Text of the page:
Non-linear direct effects of acid rain on leaf photosynthetic rate of terrestrial plants

Dan Dong, Enzai Du*, Zhengzhong Sun, Xuetong Zeng, Wim de Vries

*Corresponding author for this work

Research output: Contribution to journalArticleAcademicpeer-review

8 Citations (Scopus)


Anthropogenic emissions of acid precursors have enhanced global occurrence of acid rain, especially in East Asia. Acid rain directly suppresses leaf function by eroding surface waxes and cuticle and leaching base cations from mesophyll cells, while the simultaneous foliar uptake of nitrates in rainwater may directly benefit leaf photosynthesis and plant growth, suggesting a non-linear direct effect of acid rain. By synthesizing data from literature on acid rain exposure experiments, we assessed the direct effects of acid rain on leaf photosynthesis across 49 terrestrial plants in China. Our results show a non-linear direct effect of acid rain on leaf photosynthetic rate, including a neutral to positive effect above pH 5.0 and a negative effect below that pH level. The acid rain sensitivity of leaf photosynthesis showed no significant difference between herbs and woody species below pH 5.0, but the impacts above that pH level were strongly different, resulting in a significant increase in leaf photosynthetic rate of woody species and an insignificant effect on herbs. Our analysis also indicates a positive effect of the molar ratio of nitric versus sulfuric acid in the acid solution on leaf photosynthetic rate. These findings imply that rainwater acidity and the composition of acids both affect the response of leaf photosynthesis and therefore result in a non-linear direct effect.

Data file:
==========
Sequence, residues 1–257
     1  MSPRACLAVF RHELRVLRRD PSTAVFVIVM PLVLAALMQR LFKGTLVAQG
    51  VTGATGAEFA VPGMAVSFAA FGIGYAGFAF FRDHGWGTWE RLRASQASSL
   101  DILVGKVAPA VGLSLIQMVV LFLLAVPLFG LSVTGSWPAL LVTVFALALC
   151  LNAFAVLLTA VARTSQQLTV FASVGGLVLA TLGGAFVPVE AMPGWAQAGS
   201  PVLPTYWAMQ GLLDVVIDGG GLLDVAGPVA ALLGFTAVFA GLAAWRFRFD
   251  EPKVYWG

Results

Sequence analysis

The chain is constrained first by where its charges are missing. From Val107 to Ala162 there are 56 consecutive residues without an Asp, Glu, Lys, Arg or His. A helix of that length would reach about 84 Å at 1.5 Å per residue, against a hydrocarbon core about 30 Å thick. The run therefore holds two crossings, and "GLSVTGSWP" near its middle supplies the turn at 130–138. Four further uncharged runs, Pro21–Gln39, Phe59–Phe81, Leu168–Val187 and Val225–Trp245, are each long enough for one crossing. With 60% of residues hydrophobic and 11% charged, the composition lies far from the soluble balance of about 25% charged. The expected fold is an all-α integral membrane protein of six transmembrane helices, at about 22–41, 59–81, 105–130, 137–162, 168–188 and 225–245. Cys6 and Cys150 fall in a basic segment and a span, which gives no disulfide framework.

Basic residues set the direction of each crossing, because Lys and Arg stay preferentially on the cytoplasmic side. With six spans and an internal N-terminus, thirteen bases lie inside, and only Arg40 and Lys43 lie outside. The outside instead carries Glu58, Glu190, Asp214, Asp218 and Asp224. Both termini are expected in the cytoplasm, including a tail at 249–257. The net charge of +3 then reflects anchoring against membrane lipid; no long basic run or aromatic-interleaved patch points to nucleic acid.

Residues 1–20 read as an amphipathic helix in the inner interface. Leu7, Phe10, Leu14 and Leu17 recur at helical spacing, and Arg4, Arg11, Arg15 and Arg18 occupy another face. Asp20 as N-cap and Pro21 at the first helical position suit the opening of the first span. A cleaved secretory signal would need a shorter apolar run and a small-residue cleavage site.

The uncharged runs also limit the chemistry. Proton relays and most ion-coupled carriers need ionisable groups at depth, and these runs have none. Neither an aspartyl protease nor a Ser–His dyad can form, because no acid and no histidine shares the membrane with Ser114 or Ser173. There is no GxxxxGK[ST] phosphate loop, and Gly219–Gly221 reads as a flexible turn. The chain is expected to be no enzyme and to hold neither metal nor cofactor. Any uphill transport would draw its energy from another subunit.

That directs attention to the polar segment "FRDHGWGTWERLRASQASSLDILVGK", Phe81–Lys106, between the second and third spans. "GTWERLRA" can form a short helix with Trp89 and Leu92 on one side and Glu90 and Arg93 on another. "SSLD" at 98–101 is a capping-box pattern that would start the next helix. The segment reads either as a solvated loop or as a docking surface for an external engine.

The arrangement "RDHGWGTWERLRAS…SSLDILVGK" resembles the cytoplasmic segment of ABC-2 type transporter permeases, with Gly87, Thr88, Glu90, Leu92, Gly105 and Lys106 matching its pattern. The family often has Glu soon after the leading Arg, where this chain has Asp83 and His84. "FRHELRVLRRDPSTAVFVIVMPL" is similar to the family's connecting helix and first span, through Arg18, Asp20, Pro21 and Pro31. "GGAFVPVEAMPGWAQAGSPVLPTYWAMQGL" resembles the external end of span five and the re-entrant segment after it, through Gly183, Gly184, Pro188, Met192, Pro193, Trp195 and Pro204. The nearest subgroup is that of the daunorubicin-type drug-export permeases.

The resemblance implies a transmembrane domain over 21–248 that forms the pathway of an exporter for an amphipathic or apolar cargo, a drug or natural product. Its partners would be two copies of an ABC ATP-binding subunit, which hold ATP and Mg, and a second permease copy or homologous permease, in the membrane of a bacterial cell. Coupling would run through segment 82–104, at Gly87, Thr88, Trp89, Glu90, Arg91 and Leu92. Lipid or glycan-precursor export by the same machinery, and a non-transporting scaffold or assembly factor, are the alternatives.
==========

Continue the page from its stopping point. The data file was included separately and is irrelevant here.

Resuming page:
Original languageEnglish
Pages (from-to)1442-1445
JournalEnvironmental Pollution
Issue number2
Early online date2017
Publication statusPublished - Dec 2017


  • Acid rain
  • Herbs
  • Non-linear effect
  • Photosynthesis
  • Woody plant

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